If Trump’s presidency is dead, his party’s soul is buried in an unmarked grave. Their moral authority has withered with the Republican president who willfully disregards every American norm. Their base is rife with self-righteous evangelicals who stand with a crass serial adulterer and peeping Tom against the elderly and the poor; supposed followers of a loving Christ with their defiant demands that LGBT people, women and those of the Muslim faith be persecuted through the power of the Supreme Court, and working stiffs still standing by their man in hopes of getting their worthless wall.

Like Trump, the GOP may linger in power for years to come. Gerrymandering has locked them into majority rule for a time undetermined. But the party’s identity and character will forever be fused to the man they tolerated as their leader, come what may.

Meanwhile blue states and cities, led by the world’s sixth largest economy, California, have begun to drive past the circus, toward international climate pacts, expanded healthcare access and perhaps eventually, trade pacts as well, along with advances in education, civic opportunity and green technology that will leave red America behind as the White House begins to lose its position as the center of gravity in America. Sure, Trump will remain our primary spectacle — the 20-car pileup we can’t stop staring at. But functionally, it’s easy to foresee the next three and a half years as a time of backing away from Washington, for those determined to protect those within their state and city lines and the progress this country fought so hard to make on everything from education to civil and immigrant rights to climate change.

Many will continue to fight to unite the country in forward motion, but others will look in the rear view mirror and say, “let them choke on their oil and coal.” Such is the level of disgust felt by the horrified majority toward Trump’s America.

Blue America, as defined by the 500 counties won by Hillary Clinton, accounts for 64 percent of this country’s economic activity; while the 2,600 counties Trump won account for just 36 percent. Blue America has a per capita income $10,000 higher, and lower rates of poverty and violent crime.  And Blue America hands Trump Country $300 billion more in tax revenues each year than they pay in. Blue state governors and mayors have a duty to defend their citizens against a sputtering president and his destructive party.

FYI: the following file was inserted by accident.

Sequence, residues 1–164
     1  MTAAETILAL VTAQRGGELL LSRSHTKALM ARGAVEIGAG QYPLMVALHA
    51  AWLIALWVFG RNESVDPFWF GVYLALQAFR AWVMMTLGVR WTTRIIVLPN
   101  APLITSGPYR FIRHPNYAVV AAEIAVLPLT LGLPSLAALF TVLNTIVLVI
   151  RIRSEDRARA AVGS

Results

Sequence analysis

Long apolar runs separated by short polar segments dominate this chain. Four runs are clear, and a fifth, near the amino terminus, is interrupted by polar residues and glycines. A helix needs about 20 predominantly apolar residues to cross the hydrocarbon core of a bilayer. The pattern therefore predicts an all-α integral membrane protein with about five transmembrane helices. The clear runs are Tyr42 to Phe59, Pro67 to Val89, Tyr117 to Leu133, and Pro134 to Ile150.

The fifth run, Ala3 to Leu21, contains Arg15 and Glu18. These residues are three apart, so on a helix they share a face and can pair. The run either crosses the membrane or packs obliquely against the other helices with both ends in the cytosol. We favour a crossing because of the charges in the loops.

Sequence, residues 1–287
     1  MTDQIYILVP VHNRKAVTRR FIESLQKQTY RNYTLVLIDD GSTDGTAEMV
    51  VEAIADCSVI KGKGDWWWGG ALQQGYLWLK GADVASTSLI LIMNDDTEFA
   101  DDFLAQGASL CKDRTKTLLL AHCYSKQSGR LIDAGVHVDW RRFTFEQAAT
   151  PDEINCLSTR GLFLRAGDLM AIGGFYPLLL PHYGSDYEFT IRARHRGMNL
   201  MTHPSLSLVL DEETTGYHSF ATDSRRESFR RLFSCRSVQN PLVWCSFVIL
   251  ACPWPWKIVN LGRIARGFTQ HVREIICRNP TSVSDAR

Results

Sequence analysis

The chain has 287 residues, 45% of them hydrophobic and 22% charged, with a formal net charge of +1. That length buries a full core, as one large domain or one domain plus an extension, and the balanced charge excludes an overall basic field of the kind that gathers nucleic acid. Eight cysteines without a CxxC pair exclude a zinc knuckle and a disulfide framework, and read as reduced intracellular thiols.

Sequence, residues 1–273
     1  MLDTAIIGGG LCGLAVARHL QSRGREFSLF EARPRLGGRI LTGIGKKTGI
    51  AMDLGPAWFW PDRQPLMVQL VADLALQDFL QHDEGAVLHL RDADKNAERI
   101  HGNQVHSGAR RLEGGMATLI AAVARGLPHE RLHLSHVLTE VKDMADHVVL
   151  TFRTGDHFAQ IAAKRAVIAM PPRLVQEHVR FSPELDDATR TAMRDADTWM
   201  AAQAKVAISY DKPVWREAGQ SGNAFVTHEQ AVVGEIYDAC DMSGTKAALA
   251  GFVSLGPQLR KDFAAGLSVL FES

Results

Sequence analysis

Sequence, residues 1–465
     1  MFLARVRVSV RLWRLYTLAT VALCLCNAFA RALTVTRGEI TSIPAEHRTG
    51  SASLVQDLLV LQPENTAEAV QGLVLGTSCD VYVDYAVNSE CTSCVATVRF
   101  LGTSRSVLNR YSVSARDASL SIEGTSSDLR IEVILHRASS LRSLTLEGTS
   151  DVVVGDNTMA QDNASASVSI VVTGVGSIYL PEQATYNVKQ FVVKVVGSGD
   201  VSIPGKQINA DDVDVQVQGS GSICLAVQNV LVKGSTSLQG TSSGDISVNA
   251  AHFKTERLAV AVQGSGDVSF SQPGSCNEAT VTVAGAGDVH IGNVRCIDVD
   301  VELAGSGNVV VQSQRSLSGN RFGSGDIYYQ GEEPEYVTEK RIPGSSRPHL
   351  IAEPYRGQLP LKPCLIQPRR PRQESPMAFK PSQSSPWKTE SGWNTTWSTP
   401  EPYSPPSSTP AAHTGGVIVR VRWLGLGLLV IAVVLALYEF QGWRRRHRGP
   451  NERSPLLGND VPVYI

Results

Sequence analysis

That’s not a reality to celebrate. The further disintegration of the United States into Balkanized red and blue parts is a fate that is as tragic as it feels inevitable. Indeed, it may be the reality that never really ended at Appomattox, despite our best pretense. America after Trump may be more like the European Union; a rambling alliance of interstate compacts, rather than the forced marriage of a country that emerged after the Civil War.

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Meanwhile, the presidency may have been permanently diminished by the attachment of a charlatan to its prestige. After Trump, how can we credibly say that our process for choosing a national leader yields the best possible result, or even someone capable of uniting the country, let alone running it? If a Democrat wins in 2020, the Republicans will surely seek to pay back Russiagate tenfold, by inventing faux scandals out of sheer vengeance, as they sought to impeach Clinton from the moment he took the oath, in a vain attempt to avenge Nixon, and then unleashed total obstruction against Barack Obama. Does anyone doubt that Republicans today would be impeaching President Hillary Clinton for some invented crime?

Many on the right have long desired the America that’s coming. The “tenthers” and extreme federalists have yearned for a country of 50 little nation states, acting in concert only when they must. They went to the Supreme Court to defend the principle that states should be able to condemn their own citizens to a life without healthcare. Perhaps Donald Trump, who has exposed this country’s chasms and warts like no other president before, has finally given them their way.